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City fire meeting poorly attended

May 27, 2009
BERLIN — Berlin Police Chief Peter Morency gave a presentation on area fires and what the community can to do to make people safer on Wednesday night, but he spoke to more empty chairs than citizens.

The presentation was offered by the Berlin Police Commission. They had assembled a panel of experts to answer questions and dispel rumors about the recent fires in the area, including Fire Chief Randall Trull and Deputy John Southwell from the state fire marshal's office.

The goal of the meeting was to take an aggressive approach to the arson problem, but the turnout was disappointing for some.

"People have to be more proactive," Mr. Southwell said. "Berlin has 10,300 people. There are 11 people here. Where is the community interest?"

Some of the community interest came out in heated debates about what to do about abandoned buildings around the city. Several members of the audience said they had houses near them just waiting to be lit on fire. What was the city going to do about it? they asked.

City Manager Pat McQueen said the city would do whatever it could to make properties safe, but many times if the taxes are paid on the property there isn't much the city can do. He said there were avenues for dealing with dangerous and dilapidated properties, but a number of state regulations keep the city from bulldozing whatever building it wants to.

Chief Morency had to ask several times for people to hold their comments so he could continue with the presentation. He started with the question of why Berlin sees so much arson.

Lots of vacant, old buildings, he said, in disrepair, combined with lots of people out at night because they don't work during the day, produce the unusual number of fires, he said.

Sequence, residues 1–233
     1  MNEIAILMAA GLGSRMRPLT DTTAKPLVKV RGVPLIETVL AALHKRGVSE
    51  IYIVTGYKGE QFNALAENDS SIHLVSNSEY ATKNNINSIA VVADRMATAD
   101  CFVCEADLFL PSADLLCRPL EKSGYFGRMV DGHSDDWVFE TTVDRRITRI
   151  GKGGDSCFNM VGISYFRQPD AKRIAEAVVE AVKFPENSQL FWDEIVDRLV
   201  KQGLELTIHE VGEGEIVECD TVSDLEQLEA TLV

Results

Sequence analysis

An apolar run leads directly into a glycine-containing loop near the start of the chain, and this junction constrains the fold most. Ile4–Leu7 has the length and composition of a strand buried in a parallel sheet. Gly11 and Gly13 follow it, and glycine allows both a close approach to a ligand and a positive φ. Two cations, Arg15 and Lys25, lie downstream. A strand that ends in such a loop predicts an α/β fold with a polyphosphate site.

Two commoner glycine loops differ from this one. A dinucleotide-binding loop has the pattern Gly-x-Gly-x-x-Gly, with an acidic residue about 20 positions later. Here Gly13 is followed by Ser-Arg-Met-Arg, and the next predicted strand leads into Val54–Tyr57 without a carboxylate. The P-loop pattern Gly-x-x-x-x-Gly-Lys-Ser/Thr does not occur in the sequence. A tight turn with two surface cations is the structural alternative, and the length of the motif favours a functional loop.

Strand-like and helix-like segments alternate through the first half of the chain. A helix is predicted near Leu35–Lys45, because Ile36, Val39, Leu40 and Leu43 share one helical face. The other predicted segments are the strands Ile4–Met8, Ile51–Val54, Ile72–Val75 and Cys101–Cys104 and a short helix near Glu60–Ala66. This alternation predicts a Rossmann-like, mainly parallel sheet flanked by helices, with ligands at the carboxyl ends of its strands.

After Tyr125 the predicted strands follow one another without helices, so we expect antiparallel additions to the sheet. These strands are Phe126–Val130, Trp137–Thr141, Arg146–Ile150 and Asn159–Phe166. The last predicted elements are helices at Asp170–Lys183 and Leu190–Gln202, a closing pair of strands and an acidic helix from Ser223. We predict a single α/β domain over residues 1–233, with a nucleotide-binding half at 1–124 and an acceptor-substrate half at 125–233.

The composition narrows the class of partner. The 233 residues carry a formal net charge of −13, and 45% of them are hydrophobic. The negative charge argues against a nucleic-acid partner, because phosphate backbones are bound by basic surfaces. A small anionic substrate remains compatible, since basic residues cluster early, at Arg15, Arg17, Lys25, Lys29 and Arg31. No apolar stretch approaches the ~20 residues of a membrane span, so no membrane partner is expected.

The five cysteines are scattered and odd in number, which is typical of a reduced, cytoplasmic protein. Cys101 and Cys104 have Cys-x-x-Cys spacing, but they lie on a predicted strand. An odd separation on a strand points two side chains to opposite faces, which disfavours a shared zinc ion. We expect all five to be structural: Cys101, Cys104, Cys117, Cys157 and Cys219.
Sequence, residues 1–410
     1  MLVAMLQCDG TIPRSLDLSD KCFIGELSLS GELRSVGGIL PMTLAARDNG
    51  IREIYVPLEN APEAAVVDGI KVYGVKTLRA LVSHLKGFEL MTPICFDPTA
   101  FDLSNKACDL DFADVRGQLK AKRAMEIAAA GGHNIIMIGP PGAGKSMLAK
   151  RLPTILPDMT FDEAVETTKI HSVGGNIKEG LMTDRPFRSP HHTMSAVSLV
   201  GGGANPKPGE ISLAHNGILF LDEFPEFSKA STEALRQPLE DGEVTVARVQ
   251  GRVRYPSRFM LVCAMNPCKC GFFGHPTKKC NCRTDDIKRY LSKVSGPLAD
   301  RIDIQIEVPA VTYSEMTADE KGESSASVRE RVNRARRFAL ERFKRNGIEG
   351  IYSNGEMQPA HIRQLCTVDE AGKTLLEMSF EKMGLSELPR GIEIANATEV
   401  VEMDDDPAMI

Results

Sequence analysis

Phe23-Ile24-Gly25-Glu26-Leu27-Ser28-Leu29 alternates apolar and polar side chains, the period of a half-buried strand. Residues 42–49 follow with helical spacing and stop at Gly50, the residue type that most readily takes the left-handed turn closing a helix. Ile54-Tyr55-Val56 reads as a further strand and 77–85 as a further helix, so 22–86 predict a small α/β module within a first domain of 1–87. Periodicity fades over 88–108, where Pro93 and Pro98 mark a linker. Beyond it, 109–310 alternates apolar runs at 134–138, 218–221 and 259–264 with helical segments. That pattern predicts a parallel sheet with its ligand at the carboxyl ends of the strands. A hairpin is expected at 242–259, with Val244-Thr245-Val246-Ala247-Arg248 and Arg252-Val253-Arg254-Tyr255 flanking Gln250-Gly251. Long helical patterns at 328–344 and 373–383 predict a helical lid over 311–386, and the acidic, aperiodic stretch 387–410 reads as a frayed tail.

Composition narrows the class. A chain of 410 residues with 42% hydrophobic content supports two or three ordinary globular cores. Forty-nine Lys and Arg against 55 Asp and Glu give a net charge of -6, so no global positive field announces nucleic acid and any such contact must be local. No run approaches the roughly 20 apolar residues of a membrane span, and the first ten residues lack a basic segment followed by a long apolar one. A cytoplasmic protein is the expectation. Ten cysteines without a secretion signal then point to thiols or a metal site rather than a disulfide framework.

But, he said, all the fires around the city aren't due to arson.

"The minute someone sees a fire in Berlin they run off saying there goes another one," he said, which isn't always true.

Mr. Southwell echoed the chief's comment. He said he had barely started his journey north to investigate this month's pub fire when he heard media reports saying it was arson. It wasn't arson, he said, and these types of rumors aren't helpful.

Chief Morency went through a number of tips people can follow to reduce the danger to their homes of arson and fires.

"These guys aren't walking around with gas cans," he said. "They burn what's there."

So he recommended people keep their properties clean, trim shrubs, report suspicious activity and form a neighborhood watch. He said it is up to the community to keep these fires from continuing to start.

The police chief also announced the launching of the city's enrollment in Nixle, a social networking website that will allow police and fire to keep the community alerted to important information involving fires and other crimes. Sign-up for Nixle is free and will allow the city to keep people informed, Chief Morency said.

Most of the comments from people at the presentation were directed to what the city is going to do about specific buildings, to which no one could give definite answers. Mr. McQueen said the city would look at each property that was brought to its attention to see what it could do, but explained they were bound by the state's legal framework.

By the end of the meeting the chief of police brought the conversation back to what each individual home owner and resident could do. But only 10 residents, a few city councilors and some city employees got the message.

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